And in Israel, for instance, where 80 percent of the eligible population is vaccinated (all with the Pfizer shot), case counts are plummeting, even as schools, restaurants and workplaces open up, suggesting that vaccines are tamping down new infections, including those caused by variants.No vaccine is foolproof, and even though the Covid vaccines are highly protective, sometimes vaccinated people still get infected.
But breakthrough cases of vaccinated people are very rare, even as variants are fueling a surge in case counts.
So far, data from Moderna show the vaccine still remains 90 percent effective after at least six months.A recent study of 149 people in Israel who became infected after vaccination with the Pfizer vaccine suggested that a variant first identified in South Africa was more likely to cause breakthrough infections.
While there are other variants (including two “California” variants, B.1.427 and B.1.429, and a New York variant, B.1.526), for now, it seems that the South Africa and Brazil variants (which as of late March together accounted for about 2 percent of cases in the United States) are causing the most concern.Remember that there’s a lot of “cushion” provided by this current crop of vaccines, so even if a vaccine is less effective against a variant, it appears that it’s still going to do a good job of protecting you from serious illness.
A large study of Johnson & Johnson’s one-dose vaccine in South Africa found it was about 85 percent effective at preventing severe disease, and lowered risk for mild to moderate disease by 64 percent.
(Distribution of the Johnson & Johnson vaccine has been paused as health officials investigate safety concerns.) The AstraZeneca vaccine did not do much to protect against mild illness caused by B.1.351, but scientists said they believed the vaccine might protect against more severe cases, based on the immune responses detected in blood samples from people who were given it.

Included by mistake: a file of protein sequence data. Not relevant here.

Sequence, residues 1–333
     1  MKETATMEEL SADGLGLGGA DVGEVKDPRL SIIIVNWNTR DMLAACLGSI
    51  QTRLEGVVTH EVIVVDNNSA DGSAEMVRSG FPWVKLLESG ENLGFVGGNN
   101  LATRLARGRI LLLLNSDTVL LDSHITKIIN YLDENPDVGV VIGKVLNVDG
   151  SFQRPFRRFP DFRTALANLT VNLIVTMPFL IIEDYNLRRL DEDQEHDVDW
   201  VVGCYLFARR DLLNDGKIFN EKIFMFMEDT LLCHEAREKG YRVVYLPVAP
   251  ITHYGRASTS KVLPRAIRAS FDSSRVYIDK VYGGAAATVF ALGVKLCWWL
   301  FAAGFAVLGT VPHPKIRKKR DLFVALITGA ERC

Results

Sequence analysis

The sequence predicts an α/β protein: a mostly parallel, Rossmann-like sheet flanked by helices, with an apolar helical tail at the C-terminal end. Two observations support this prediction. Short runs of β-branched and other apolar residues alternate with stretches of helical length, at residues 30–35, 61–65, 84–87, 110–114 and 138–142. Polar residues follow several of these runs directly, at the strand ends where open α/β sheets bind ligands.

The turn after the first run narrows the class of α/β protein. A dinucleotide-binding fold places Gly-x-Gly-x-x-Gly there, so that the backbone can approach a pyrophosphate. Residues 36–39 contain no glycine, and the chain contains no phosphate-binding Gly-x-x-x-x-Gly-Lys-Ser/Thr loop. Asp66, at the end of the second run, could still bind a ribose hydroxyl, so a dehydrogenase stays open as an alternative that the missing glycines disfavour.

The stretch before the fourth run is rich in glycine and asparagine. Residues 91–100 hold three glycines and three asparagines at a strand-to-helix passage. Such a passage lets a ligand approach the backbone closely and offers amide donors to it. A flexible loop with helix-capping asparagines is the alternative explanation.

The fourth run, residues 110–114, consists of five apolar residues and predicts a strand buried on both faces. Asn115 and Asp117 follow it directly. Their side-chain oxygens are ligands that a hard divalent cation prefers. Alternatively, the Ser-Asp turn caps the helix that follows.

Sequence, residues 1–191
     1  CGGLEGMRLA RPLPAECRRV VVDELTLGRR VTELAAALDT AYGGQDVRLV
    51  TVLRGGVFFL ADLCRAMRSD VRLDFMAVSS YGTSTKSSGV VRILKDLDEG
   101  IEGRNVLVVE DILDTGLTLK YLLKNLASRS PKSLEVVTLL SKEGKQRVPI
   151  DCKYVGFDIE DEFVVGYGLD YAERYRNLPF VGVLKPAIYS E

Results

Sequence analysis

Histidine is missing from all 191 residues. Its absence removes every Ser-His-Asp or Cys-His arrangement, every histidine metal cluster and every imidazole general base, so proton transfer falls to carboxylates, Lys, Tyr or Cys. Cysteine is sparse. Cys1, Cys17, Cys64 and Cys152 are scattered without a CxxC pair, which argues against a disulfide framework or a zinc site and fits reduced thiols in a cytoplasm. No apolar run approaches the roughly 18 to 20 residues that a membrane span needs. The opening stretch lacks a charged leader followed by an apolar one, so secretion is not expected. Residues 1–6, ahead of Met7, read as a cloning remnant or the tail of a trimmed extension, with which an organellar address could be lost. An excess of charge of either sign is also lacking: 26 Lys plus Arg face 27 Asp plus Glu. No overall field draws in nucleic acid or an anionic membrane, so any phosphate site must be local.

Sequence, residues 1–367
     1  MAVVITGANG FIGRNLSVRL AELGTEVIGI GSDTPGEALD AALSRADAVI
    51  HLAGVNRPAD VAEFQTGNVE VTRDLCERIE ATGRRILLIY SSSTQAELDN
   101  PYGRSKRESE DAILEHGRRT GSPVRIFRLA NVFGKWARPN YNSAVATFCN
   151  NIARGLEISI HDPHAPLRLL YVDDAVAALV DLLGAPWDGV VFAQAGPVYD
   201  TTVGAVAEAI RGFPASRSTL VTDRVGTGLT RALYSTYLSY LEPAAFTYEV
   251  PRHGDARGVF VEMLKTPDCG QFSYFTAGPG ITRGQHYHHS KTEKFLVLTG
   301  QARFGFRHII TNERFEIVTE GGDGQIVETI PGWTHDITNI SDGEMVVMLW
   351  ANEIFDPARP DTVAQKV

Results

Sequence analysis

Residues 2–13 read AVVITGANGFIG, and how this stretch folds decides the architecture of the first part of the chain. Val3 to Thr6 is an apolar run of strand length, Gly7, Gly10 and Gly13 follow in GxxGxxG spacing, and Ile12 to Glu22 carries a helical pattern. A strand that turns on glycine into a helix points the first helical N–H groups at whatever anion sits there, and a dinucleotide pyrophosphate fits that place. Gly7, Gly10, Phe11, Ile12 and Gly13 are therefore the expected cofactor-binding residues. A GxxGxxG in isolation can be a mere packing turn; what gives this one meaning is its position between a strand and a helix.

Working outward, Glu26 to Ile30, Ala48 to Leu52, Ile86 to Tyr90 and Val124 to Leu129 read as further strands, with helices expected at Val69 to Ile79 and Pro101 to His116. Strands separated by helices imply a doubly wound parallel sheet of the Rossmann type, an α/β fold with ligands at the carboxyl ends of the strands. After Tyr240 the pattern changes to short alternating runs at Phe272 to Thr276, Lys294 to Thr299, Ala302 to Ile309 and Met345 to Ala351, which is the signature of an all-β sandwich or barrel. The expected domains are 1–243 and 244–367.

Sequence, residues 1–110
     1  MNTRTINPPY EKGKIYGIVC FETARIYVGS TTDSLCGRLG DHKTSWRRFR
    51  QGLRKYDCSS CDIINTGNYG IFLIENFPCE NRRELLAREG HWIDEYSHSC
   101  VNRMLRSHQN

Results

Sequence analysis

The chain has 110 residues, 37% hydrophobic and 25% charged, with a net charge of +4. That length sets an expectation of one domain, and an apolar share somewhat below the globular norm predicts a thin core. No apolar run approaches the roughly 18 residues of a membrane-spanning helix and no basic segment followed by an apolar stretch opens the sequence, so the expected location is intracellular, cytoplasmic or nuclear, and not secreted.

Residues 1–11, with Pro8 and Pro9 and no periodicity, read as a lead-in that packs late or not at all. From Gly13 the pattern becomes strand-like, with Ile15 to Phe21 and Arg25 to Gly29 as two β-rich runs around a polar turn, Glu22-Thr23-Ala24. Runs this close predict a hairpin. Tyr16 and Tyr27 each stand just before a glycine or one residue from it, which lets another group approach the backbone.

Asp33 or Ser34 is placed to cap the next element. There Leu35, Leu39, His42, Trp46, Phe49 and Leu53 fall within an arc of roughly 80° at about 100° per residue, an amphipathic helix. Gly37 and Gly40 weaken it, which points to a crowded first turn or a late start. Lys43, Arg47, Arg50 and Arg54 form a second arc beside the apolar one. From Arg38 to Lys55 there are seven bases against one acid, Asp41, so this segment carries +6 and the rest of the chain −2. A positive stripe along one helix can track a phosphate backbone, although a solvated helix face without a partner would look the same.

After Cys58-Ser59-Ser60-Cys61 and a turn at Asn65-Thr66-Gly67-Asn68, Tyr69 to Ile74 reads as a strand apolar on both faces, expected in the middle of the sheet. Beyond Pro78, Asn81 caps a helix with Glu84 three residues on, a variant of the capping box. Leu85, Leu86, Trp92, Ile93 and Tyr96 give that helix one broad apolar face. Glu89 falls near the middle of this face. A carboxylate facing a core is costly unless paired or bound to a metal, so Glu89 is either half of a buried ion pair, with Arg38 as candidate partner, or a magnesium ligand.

There’s less definitive research for the Pfizer and Moderna vaccines against the variant, but it’s believed that these two-dose vaccines could reduce risk of infection against the variant by about 60 percent to 70 percent and still are highly effective at preventing severe disease and hospitalization.
Even if a vaccine loses some ground to a variant, a large portion of people are still protected, and only a fraction of vaccinated people will get infected.
It means 95 percent fewer vaccinated people got infected compared to the unvaccinated group.
Under the same conditions of the clinical trial, vaccination would still protect 21,672 people in the group, and just 48 vaccinated people — less than one percent — would become infected, compared to 162 in the unvaccinated group.
Even though overall efficacy was lower, only a fraction of vaccinated people in this scenario would get infected, most likely with only mild illness.While far more research is needed to fully understand how variants might dodge some (but not all) vaccine antibodies, public health experts note that an estimate of 50 percent to 70 percent efficacy against a challenging variant would still be considered an adequate level of protection.
If you have 95 percent efficacy, you can create some form of herd immunity with less people.
With 70 percent efficacy, it’s even more important to get vaccinated to protect others.”.Even amid the rise of variants, vaccines will significantly lower your risk for infection and will protect you from serious illness and hospitalization
While vaccinated people still need to follow local health guidelines about wearing a mask and gathering in groups to protect the unvaccinated, vaccinated people can travel, get their hair and nails done, or go to work without worrying
Because there are still some outstanding questions about the risk of vaccinated people carrying the virus, a vaccinated person is still advised to wear a mask in public to protect the unvaccinated — although those guidelines may be updated soon“The vaccines protect you, so go get vaccinated — that’s the message,” said Dr
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